Time to assess ATV safety following spike in injury rates:

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Time to assess ATV safety following spike in injury rates:

Post by Woodglue »

This is occurring up in Canada, and it seems to be growing into a bigger and bigger issue. I now see an article or two each month about it [relative to one every two months in the US]. But, we all know, what goes around comes around. :?
The Canadian Press wrote: Time to assess ATV safety following spike in injury rates: doctor
19 hours ago

FREDERICTON - A doctor who has seen more than her share of young people killed in accidents involving snowmobiles, dirt-bikes and other off-road vehicles says it is time for Canada to assess whether the machines represent an unacceptable risk for recreational users.

Dr. Natalie Yanchar, director of trauma care at the IWK Health Centre in Halifax, said Thursday she was not surprised by a new report that shows a 25 per cent increase in the number of people hospitalized from the mid-1990s to 2005.

The report, released by the Canadian Institute for Health Information, says that all-terrain vehicles, otherwise known as ATVs or four-wheelers, are behind the sharp increase because the number of hospitalizations stemming from snowmobile accidents actually dropped 20 per cent over that period.

The report found that teenagers and young adults, mostly male, are bearing the brunt of the accidents, with adolescents aged 15 to 19 sustaining the largest proportion of injuries. They are followed closely by young adults, aged 20 to 24.

"There has to be an examination as to whether these are safe products for recreational activities in Canada," said Yanchar, whose trauma centre treats injured children from around the Maritimes.

"Federally, we have to look at this. Is it an acceptable risk?"

The report says most hospitalizations caused by accidents on off-road vehicles and snowmobiles involve multiple injuries.

Nearly one in five off-road vehicle-related hospitalizations involve injuries to the head, while those admitted for a snowmobile-related injury are more likely to suffer from a fractured vertebra, rib or sternum.

Yanchar said the head and spinal injuries are particularly devastating and cost the Canadian health-care system millions of dollars, not to mention the untold suffering of the individuals and their families.

She said that in addition to the injuries, between 140 and 180 Canadians are killed each year in off-road and snowmobile accidents.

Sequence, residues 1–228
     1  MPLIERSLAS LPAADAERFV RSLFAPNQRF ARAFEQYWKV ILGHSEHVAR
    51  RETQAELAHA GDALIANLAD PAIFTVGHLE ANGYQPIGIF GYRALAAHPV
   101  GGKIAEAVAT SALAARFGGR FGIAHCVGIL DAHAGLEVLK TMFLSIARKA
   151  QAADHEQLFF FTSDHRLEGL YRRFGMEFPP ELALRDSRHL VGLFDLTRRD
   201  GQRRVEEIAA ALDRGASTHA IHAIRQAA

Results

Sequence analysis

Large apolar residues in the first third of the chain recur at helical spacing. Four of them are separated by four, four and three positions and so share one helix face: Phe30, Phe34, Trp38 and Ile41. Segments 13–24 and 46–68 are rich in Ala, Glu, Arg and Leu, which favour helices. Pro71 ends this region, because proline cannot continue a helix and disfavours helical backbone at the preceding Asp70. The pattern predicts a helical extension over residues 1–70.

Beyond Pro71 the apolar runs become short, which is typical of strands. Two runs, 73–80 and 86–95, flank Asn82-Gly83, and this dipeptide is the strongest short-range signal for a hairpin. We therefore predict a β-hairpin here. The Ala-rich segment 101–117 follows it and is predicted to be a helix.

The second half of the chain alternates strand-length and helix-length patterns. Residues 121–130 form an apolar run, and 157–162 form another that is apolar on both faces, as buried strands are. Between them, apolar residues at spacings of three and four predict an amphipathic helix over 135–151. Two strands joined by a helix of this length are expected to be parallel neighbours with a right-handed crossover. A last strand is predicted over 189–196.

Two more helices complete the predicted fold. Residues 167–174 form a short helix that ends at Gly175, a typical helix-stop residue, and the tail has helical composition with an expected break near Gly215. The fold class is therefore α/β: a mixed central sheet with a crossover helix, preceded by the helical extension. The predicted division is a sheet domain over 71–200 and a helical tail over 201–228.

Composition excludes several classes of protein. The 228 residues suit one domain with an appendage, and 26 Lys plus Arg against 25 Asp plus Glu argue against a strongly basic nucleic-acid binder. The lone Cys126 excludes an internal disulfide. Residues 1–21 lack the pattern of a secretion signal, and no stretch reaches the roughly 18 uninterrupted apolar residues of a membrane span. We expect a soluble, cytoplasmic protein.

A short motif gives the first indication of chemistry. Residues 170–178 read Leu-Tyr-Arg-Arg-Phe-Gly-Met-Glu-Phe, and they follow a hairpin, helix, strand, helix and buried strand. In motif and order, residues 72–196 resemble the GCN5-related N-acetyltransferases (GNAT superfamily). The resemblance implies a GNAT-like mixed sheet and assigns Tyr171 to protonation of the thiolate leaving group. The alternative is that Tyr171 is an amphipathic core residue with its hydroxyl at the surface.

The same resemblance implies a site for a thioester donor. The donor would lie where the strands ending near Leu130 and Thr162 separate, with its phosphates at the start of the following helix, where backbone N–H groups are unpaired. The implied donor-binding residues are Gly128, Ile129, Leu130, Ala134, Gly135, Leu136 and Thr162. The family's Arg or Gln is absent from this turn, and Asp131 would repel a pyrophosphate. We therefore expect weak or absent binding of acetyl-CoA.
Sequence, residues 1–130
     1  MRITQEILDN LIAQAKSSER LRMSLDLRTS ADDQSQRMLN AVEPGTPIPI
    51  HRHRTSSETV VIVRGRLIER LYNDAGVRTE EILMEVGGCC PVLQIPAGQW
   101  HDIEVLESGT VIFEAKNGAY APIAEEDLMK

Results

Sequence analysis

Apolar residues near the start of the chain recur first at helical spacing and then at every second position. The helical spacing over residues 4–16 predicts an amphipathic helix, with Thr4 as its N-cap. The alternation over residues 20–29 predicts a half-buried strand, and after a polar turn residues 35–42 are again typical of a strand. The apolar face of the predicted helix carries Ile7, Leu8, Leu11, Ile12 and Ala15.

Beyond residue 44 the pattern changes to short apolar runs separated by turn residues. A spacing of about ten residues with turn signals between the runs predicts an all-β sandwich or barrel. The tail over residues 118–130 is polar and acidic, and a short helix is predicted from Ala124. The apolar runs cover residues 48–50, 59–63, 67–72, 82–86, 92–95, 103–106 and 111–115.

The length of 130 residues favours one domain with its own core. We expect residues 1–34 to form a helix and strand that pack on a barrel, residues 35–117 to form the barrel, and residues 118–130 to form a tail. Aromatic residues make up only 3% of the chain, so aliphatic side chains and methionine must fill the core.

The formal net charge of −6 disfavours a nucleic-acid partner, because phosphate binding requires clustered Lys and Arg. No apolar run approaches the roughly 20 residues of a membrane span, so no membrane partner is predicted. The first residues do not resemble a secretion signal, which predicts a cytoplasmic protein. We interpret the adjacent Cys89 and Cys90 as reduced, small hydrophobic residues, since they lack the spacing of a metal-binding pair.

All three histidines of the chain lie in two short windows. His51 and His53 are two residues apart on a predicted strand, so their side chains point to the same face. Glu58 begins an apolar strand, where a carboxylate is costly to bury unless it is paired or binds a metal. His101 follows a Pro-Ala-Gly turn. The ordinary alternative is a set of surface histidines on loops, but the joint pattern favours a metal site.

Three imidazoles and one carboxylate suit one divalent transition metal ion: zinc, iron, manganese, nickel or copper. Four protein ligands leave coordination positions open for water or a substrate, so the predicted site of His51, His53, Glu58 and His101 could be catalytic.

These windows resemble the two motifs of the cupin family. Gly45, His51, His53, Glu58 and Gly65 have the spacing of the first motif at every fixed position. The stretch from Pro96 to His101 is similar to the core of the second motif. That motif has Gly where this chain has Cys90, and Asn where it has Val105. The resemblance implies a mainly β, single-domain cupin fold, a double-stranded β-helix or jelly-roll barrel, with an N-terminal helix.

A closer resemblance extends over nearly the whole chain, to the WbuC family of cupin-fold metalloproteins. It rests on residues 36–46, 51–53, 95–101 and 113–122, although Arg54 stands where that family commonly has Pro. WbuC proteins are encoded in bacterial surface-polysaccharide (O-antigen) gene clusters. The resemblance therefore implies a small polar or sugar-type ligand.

"I'm not saying we should bubble wrap our kids," Yanchar said.

"You have to let them take some risk because it's part of growing up. However, we have to decide how much risk is acceptable. So having 800 Canadians killed on these machines in five years, is that acceptable or is that too much risk? . . . As recreational vehicles, they're dangerous products."
Several provinces, including Nova Scotia and New Brunswick, have recently tightened legislation governing ATV use by children, and Nova Scotia has seen a drop in injury rates since making the change.

In New Brunswick, new provisions limiting children under 14 to only closed track driving have yet to be proclaimed. Government officials expect them to be in force by next spring.

The changes in New Brunswick followed two tragic deaths in 2005. In one case, a 10-year-old boy in western New Brunswick died after the four-wheeler he was driving flipped over and pinned him.

Just two weeks earlier, a 13-year-old girl was killed in a similar accident in northern New Brunswick.

Despite the deaths and the grim statistics, ATV enthusiasts in New Brunswick remain convinced that it is better to let children drive the machines to gain experience.

"You can't take a kid at 16 years, sit him on an 800 cc machine and say, 'There you go'," said Troy Gallagher of the Grand Lake ATV Club near Fredericton. =D>

"These laws are taking away the opportunity for young kids to learn the proper stuff."

Gallagher said one of the big problems lies in the manufacture of the off-road vehicles, which are becoming bigger, heavier and more powerful.

"When you're out doing a trail ride,you're not going any faster than 30 or 35 kilometres an hour through the woods," he said.

"Well, these machines now are equipped to go up over 100 kilometres. They're getting so big and so high, if they tip over, they're heavy and a lot of people get pinned under them . . . It has to come back to proper training."

The institute states that in accidents where blood-alcohol levels were checked, 27 per cent involved people whose blood-alcohol level was above the legal limit of .08 per cent.

More than 90 per cent of injured people whose blood alcohol level was over the limit were drivers of the off-road vehicle.

The institute states that while off-road vehicles are an important part of rural life, they need to be used with care.

"In many rural and remote communities across the country, snowmobiles and other off-road vehicles are used not only for recreation, but also as an essential mode of transportation," said Margaret Keresteci, the institute's manager of clinical registries.

"These machines can reach high speeds and often travel on rough terrain, so the impact of a fall or a collision can be quite dramatic."
Do you think Canada is behind the US in these types of discussions, or are they the front-runners here and this reflect what-is-yet-to-come for us?

One thing for sure, none of this is type of Press is good for the Canadian ATV / OHV Community!
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Post by Rekd »

I've been covering this for a few days now. I've been writing to news sites, and even to the company that did the study to ask why they refuse to show the statistics about the 300% increase in ATVs in use in that same period that had a 25% increase in injuries.